Amazon Bans Providing Items for Review (Except Books)
The development of reviews on Amazon is a mini-history of the internet, in a way. At first, it allowed you to hear from people who’d already had experience with something you were interested in buying. Then it became a way to create memes (with goofy reviews of simple pens) or gang up on people whose ideas you disagreed with (as when people downvoted Raina Telgemeier’s Drama graphic novel just because it included happy teen gay characters).
Soon, it became a business. People were “reviewing” tons of products, giving them five stars just because they got them for free. Online groups and “review clubs” sprung up, charging to put vendors in touch with these promoters, and unethical businesses found that buying hundreds of five-star reviews helped them get their products in front of more customers, as Amazon took rankings into account when deciding what to show in search results. Some of these clubs promised “Let us show you how easy it is to get amazing AMZ products.”
Some of the worst examples of these “reviewers” were thrown off of Amazon earlier this year, but the damage had been done. Customers were seen commenting that they wouldn’t buy a product with too many five-star “I received this product at a discount for an honest review” disclaimers, and truly honest reactions were getting lost in the flood, making the reviews irrelevant. (There’s data about the warping effects in this article.) Crowd-sourcing fails when confronted with too many manipulators and bad actors.
Plus, some third-party sellers were getting annoyed by the solicit emails they got going the other way, from people wanting stuff for free in return for a review.
So Amazon took a drastic step this morning. Sellers were notified on their dashboard that “Amazon no longer permits providing free or discounted products in exchange for reviews.” Companies that make such offers risk being banned from selling on Amazon. The Community Guidelines were similarly updated under the “Promotions and Commercial Solicitations” section. (Another interesting fact is that at some point in the past, they also added the detail that you have to have spent $50 at Amazon to be able to leave reviews at all.) There is an exception:
Book authors and publishers may continue to provide free or discounted copies of their books to readers, as long as the author or publisher does not require a review in exchange or attempt to influence the review.
Amazon commented in its blog post on the change that this exception was due to it being an “age-old practice”.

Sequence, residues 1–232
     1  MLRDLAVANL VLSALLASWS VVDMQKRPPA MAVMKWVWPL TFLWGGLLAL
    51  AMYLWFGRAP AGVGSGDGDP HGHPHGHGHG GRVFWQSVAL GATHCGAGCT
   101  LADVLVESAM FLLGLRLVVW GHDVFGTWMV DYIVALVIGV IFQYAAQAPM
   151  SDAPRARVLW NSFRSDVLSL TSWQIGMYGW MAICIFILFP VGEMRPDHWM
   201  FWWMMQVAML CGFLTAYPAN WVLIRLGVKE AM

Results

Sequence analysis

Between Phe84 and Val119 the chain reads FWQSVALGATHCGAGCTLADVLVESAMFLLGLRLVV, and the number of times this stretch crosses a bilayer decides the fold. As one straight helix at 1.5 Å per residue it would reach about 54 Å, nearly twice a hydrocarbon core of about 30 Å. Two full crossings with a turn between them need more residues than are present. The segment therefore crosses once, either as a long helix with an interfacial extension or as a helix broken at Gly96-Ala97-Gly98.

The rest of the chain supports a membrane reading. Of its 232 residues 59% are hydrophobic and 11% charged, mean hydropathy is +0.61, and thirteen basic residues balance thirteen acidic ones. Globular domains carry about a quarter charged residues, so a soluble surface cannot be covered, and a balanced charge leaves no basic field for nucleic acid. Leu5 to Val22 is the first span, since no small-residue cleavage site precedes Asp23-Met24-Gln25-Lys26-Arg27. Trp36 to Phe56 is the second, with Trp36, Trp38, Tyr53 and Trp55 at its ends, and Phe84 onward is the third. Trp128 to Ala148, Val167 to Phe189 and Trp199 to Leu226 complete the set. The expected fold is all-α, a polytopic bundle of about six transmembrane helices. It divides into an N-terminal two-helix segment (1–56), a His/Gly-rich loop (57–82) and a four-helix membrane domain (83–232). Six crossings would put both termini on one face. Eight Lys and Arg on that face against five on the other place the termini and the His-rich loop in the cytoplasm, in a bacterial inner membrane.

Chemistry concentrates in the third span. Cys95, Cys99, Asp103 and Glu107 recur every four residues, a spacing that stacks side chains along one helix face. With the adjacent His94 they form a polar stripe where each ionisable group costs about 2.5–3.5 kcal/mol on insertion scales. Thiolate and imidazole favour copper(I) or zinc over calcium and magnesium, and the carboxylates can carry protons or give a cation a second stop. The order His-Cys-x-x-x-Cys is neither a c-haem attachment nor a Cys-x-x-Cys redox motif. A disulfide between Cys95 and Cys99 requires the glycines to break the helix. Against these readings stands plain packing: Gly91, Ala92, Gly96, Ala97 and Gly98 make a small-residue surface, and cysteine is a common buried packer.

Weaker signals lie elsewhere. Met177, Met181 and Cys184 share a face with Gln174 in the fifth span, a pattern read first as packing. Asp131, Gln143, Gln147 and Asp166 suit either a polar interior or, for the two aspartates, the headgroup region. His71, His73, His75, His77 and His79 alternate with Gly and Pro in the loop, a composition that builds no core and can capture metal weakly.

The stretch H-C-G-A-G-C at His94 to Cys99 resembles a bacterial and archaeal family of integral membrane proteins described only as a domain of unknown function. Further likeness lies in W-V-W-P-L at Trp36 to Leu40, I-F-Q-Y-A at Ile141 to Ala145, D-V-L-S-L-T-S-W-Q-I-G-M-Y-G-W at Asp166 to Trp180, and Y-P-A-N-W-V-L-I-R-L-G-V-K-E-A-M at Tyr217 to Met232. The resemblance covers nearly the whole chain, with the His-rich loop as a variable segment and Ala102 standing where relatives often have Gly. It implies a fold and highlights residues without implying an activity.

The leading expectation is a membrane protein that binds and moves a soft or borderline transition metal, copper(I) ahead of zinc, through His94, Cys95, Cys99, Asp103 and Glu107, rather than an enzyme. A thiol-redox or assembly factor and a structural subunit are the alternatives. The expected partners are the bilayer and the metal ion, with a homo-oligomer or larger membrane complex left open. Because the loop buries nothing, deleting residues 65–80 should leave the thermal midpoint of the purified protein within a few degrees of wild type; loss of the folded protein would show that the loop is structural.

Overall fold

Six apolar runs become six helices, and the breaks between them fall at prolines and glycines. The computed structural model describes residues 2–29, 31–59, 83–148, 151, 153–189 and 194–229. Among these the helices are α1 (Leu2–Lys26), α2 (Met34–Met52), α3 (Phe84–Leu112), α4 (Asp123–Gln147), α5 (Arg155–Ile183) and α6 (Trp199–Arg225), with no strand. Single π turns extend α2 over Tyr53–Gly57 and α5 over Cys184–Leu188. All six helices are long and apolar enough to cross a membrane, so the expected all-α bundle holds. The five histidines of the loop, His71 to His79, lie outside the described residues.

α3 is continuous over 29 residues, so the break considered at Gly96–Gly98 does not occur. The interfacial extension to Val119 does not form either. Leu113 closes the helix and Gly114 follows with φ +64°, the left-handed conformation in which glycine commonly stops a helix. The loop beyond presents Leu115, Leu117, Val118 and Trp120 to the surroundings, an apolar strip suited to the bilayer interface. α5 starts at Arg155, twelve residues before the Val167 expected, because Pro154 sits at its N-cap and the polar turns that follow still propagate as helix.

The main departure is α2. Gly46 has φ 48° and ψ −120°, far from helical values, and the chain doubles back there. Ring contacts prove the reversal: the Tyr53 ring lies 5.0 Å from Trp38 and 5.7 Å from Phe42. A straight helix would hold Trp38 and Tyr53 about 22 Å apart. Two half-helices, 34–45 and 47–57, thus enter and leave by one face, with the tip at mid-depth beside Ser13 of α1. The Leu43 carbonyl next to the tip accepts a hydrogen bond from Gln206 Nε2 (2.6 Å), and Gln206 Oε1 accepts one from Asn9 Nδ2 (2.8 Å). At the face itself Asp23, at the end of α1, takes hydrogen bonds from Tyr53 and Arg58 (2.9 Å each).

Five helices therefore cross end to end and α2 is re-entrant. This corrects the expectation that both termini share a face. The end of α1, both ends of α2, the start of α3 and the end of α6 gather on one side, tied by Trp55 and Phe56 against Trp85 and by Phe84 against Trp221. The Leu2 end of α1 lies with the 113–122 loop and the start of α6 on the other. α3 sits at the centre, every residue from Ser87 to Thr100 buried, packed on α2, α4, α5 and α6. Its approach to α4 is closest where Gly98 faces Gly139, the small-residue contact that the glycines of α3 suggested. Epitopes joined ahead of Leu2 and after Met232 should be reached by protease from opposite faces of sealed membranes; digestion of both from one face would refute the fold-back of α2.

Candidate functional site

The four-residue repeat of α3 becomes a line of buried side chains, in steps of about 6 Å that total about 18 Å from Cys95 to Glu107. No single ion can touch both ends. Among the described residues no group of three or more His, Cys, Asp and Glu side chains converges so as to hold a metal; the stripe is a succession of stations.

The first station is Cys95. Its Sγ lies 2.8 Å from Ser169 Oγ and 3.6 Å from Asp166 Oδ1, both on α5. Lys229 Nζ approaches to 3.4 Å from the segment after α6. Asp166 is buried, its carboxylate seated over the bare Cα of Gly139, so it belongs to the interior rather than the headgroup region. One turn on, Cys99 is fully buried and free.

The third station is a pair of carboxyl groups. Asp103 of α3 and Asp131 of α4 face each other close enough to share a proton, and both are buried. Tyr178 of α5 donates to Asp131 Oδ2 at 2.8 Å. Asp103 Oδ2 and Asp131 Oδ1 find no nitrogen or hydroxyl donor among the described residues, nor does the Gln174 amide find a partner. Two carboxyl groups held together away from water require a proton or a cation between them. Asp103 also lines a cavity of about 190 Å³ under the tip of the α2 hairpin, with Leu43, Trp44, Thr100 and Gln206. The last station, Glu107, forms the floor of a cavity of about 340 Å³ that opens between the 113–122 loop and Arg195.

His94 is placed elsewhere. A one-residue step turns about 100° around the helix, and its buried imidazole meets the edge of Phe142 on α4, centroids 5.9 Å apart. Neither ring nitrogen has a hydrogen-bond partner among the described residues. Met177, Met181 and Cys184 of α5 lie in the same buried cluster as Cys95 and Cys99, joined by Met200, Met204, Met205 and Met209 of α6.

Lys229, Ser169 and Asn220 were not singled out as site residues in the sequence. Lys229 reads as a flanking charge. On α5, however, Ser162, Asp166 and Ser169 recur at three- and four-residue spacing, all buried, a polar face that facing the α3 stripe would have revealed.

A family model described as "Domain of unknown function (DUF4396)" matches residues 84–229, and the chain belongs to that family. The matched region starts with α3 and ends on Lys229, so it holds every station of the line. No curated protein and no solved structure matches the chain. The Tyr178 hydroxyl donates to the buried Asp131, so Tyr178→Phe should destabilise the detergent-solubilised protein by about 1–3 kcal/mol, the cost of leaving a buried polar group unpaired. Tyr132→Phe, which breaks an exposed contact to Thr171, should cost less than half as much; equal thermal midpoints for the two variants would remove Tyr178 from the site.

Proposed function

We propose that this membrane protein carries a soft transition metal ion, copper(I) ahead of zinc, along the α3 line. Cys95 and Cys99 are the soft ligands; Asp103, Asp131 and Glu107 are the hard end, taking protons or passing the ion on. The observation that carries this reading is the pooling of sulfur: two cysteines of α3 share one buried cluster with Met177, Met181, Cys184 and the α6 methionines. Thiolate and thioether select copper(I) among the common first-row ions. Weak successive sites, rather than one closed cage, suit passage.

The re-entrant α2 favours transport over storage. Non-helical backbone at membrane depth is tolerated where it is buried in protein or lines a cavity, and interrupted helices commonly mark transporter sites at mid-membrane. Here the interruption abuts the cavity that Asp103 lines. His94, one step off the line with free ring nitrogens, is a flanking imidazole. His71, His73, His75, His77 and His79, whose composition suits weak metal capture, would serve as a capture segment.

Oh, and there’s another exception: a company can use their Vine program to allow Amazon to distribute review products for it. Those reviewers are selected by Amazon, using secret criteria. As Amazon says,
Here’s how Vine works: Amazon – not the vendor or seller – identifies and invites trusted and helpful reviewers on Amazon to post opinions about new and pre-release products; we do not incentivize positive star ratings, attempt to influence the content of reviews, or even require a review to be written; and we limit the total number of Vine reviews that we display for each product.
So those who were enjoying free or discounted cellphone cases or electronic cables or supplements (yuck – talk about a product line where you really want to have faith in the seller!) or similar products, the gravy train just came to an abrupt stop. As an Amazon reviewer with a ranking higher than 10,000, I would get solicitations for cheap or free items of that kind, mostly from Chinese manufacturers. I did try out a few, but I got tired of the harassing email if I didn’t give the product five stars (which I rarely did, since I wasn’t worried about continuing to get those kinds of offers).
The whack-a-mole won’t stop, though. One review club is now selling its former reviewers as purchasers to allow a company to increase sales velocity, sending shills to game that metric, and moving reviews to Facebook, YouTube, and other outlets. Another is pushing email followup with organic buyers to drive reviews. (Personally, if I buy something on Amazon, and the seller hassles me to review it, they may not like the rating they get.)
Some are simply saying that their members that get coupons and discounts now aren’t required to leave a review, although it’s unclear whether that will pass Amazon’s test. I suspect the more unethical “reviewers” will just stop saying they got the product at a discount. Grumpy people no longer getting things for free have started a petition to change Amazon’s mind (not likely) because they think Vine is a “monopoly”.